In a beautiful cliff-top palace by the sea (so high that one cannot hear the ocean from the top) a coronation is taking place for the young and inexperienced Queen Tessera. Delegates and dignitaries from the Twelve Crowns (the term given to the divided countries that rule under the Queen's supervision) have come to bestow their blessing - and their judgments - on the new Queen. Tessera is in a precarious situation, as any number of her new subjects could take this opportunity to overthrow the monarchy and establish themselves as high-ruler of Raine.

But beneath all the pomp and colour, dug deep into the cliff, is the royal library, where scholars and librarians go about their business out of sight of the bustle above. Nepenthe is a young foundling, raised by the librarians and now working as a transcriptor in the underground library when she travels to the nearby floating school of wizardry to fetch a book that needs translating. But as soon as she has the mysterious book in her hands, one that is written in a twisted language of thorns, she finds herself transfixed. Slowly she begins to translate the strange text, uncovering the history of the Emperor Axis and his sorcereress/lover Kane (I only wish McKillip had given them better names).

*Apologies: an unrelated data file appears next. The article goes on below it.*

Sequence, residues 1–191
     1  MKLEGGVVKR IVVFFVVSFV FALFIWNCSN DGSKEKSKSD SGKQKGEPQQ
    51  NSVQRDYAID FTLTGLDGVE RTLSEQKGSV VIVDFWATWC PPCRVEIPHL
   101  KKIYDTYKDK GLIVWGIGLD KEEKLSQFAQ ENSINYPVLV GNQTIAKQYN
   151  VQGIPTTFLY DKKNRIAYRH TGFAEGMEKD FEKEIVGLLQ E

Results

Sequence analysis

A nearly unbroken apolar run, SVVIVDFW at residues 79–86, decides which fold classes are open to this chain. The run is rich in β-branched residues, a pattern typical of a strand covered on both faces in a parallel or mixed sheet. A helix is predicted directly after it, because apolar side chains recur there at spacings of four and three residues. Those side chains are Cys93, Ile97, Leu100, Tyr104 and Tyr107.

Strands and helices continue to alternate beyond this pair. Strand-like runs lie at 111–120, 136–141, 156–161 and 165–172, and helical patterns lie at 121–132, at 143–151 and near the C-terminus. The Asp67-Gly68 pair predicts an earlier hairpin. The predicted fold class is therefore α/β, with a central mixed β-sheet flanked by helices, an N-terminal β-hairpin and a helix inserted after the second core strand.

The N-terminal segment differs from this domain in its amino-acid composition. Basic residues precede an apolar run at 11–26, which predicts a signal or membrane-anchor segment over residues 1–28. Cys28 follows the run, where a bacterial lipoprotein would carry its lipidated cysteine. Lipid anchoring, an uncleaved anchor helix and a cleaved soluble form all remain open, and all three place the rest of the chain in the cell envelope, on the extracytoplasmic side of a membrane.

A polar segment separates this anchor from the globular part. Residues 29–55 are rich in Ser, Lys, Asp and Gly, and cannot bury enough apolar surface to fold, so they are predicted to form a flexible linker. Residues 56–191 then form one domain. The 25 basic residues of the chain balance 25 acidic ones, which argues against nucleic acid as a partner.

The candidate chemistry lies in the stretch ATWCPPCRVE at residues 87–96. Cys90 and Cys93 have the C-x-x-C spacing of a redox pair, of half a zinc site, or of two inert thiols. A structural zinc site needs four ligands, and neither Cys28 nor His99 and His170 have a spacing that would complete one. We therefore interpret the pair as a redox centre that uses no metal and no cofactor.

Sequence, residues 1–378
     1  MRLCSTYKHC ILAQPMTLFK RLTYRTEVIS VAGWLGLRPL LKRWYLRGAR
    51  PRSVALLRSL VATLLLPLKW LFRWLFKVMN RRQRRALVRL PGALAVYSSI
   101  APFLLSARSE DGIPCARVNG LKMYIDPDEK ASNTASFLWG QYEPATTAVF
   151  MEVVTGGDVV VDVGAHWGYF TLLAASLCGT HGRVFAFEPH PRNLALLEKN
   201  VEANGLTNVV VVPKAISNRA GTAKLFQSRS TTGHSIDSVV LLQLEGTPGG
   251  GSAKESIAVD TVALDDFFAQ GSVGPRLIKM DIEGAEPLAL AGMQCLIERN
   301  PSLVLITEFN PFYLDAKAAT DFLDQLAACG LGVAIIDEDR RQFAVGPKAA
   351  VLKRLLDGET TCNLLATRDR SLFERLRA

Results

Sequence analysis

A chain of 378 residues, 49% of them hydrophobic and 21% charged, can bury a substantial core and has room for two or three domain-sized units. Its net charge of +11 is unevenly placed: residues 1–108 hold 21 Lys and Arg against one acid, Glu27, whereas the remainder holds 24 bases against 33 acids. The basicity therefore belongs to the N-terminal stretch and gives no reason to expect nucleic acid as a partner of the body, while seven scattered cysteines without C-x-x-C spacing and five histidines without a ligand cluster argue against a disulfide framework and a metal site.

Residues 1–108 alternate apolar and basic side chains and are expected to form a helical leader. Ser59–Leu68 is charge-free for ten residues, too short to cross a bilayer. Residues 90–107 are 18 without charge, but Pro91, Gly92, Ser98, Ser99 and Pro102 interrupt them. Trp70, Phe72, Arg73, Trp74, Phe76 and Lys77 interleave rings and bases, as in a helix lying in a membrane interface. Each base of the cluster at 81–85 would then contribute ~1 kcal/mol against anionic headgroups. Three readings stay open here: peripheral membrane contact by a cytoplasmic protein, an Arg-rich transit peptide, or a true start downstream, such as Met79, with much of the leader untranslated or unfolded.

Axis was obsessed with conquering, and Kane was obsessed with him: together the two swept across their world, and in translating the text, Nepenthe is swept up in their tale. She is hardly aware of the political machinations going on above-ground, though she is slightly more attentive toward Bourne, the young wizard in training (unfortunately part of a treasonous family) who delivers her the book. But what compels Nepenthe to translate the book, how will it finish, and what does it have to do with the trouble brewing in Raine?